That's a Wrap: The Key Health Policy Themes of the 2013 Legislative Session

After a 120-day whirlwind, the 2013 Colorado legislative session has officially come to close.  This year was a particularly busy one for lawmakers; the Colorado legislature passed hundreds of bills, including controversial measures dealing with education finance, gun control, civil unions and recreational marijuana.

Health care was also a big focus in 2013. Every year the Colorado Health Institute analyzes the major health policy trends that emerged at the Capitol. We will publish our annual Legislation in Review report within the coming weeks to provide a more comprehensive overview of the 2013 session, but today we offer you a sneak preview of the top four health policy themes that characterized the legislation of the past four months.

  1. Implementation of Federal Health Care Reform: We saw a number of major bills that pave the way for the implementation of the Affordable Care Act in 2014. While the feds dictate the major rules and regulations of Obamacare, many of the nuts and bolts of how health reform will be implemented are being determined at the state level.  Here in Colorado, we saw bills to harmonize state statutes with the new mandates of the federal law, a bill to provide funding for Colorado’s insurance exchange, and a bill to expand eligibility for the Medicaid program, SB-200, which was arguably the most noteworthy – and controversial – health-related legislation of the session.
  2. Increased Investment in Health Care: With more dollars available in the state budget, many bills made significant new investments in Colorado’s health care system. This year there was a particular focus on behavioral health and oral health.  Key legislation included a bill to add a dental benefit for adults covered by Medicaid, a bill to overhaul the state’s oral health grants program and a bill to fund a statewide mental health crisis response system, among others.
  3. New Reporting Requirements and Regulations: Several bills altered current reporting requirements and other regulations within the health care system. Many of these bills aimed to reduce fraud, waste and abuse, while others sought to improve transparency or consumer protections.  For example, the legislature set stricter requirements for reporting of elder abuse and updated the inspection practices for Medicaid providers.  We also saw bills related to “alternative” health care services, including a measure to regulate naturopaths and another to regulate other non-traditional health care providers.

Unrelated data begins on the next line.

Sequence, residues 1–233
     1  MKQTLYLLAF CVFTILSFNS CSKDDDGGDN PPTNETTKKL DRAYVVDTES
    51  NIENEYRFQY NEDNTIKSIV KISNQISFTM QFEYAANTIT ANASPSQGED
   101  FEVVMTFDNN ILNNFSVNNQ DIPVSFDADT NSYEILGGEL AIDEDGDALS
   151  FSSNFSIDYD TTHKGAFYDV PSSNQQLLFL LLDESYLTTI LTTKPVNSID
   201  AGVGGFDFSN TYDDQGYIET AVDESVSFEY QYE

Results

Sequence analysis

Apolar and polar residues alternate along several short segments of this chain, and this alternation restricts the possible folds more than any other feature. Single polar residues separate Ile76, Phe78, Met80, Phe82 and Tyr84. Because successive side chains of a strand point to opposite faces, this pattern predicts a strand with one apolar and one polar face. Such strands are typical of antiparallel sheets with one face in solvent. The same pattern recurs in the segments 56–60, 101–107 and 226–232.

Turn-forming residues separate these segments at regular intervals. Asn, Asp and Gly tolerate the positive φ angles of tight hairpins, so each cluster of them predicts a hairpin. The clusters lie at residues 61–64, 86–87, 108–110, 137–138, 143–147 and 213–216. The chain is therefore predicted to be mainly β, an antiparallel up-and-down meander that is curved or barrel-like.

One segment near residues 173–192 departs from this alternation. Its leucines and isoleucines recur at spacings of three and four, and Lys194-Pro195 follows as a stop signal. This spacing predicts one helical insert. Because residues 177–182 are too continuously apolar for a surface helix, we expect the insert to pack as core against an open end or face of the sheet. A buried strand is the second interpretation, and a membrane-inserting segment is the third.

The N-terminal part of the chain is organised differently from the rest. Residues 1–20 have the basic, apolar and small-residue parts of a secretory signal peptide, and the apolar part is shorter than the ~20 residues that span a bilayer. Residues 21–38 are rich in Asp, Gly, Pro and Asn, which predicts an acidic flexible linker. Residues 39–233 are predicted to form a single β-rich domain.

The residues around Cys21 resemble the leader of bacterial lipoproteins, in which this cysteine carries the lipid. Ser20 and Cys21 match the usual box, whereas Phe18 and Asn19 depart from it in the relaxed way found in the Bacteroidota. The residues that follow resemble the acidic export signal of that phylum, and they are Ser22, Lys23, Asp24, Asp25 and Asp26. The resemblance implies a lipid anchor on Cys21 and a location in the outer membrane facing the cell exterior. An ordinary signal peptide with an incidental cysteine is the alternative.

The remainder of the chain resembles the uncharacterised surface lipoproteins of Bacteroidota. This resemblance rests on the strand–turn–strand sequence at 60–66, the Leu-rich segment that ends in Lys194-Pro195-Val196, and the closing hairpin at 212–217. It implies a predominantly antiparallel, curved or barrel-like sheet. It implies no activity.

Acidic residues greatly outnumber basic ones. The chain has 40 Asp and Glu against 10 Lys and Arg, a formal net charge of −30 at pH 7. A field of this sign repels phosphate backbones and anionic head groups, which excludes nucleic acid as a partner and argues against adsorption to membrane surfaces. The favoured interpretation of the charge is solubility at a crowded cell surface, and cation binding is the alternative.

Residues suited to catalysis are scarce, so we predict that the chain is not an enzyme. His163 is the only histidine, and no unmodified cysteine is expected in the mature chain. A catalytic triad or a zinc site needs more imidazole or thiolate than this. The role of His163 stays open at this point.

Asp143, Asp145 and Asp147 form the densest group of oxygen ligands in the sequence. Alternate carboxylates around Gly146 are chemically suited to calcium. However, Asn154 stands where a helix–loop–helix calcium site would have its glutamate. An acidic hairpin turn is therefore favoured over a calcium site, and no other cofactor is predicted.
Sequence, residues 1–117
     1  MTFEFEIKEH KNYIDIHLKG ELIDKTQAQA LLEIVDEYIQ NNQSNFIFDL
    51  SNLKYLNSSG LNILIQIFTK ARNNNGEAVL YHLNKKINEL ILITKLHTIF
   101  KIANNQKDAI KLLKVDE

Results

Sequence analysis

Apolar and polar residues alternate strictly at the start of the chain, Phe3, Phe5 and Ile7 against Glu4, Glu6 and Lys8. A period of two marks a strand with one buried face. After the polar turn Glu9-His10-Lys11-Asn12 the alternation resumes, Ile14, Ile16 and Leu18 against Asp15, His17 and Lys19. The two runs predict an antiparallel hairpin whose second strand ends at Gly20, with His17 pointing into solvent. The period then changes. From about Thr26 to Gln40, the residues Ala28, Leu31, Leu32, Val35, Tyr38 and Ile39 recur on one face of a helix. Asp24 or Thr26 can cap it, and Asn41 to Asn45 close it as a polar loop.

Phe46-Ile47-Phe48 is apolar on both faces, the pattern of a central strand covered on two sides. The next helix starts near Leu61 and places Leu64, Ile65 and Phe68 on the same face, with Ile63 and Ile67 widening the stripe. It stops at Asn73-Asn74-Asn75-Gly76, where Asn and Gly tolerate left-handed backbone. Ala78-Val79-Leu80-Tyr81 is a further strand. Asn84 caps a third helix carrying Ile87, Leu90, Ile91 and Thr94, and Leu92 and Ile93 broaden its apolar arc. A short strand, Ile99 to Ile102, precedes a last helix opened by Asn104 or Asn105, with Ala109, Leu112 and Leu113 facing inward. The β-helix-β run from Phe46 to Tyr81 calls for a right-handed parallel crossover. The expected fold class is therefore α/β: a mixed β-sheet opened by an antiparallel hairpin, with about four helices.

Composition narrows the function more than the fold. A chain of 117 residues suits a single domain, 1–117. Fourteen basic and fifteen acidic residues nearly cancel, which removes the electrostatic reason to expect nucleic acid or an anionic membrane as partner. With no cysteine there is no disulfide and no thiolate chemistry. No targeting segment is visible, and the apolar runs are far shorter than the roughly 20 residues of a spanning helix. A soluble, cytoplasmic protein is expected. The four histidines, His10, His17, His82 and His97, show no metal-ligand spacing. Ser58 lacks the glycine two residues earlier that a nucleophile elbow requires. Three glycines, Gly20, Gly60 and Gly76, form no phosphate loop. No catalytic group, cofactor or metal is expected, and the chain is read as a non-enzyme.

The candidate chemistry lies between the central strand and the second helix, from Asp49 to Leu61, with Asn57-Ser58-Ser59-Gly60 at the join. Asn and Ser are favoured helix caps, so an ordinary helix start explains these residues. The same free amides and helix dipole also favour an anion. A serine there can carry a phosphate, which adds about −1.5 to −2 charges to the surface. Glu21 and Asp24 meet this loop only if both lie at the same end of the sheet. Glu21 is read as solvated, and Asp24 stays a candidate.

4. System Efficiency: We didn’t really see any landmark health care innovation bills this session, but we did see several incremental policy changes designed to modernize Colorado’s health care system, setting the stage for future improvements and efficiencies. For example, several bills restructured the health-related duties of various state departments, which proponents say will help to streamline the system and pave the way for better patient care.  Another bill requires the Department of Health Care Policy and Financing (HCPF) to make an annual report to the legislature about efforts to reduce waste and duplication within the state’s Accountable Care Collaborative (ACC) program.

Governor Hickenlooper has until June 7 to sign the remaining bills that have been sent to his desk. The Colorado Health Institute’s 2013 Legislation in Review Report will provide a more detailed overview of the themes and bills discussed above and will be released by the end of the month.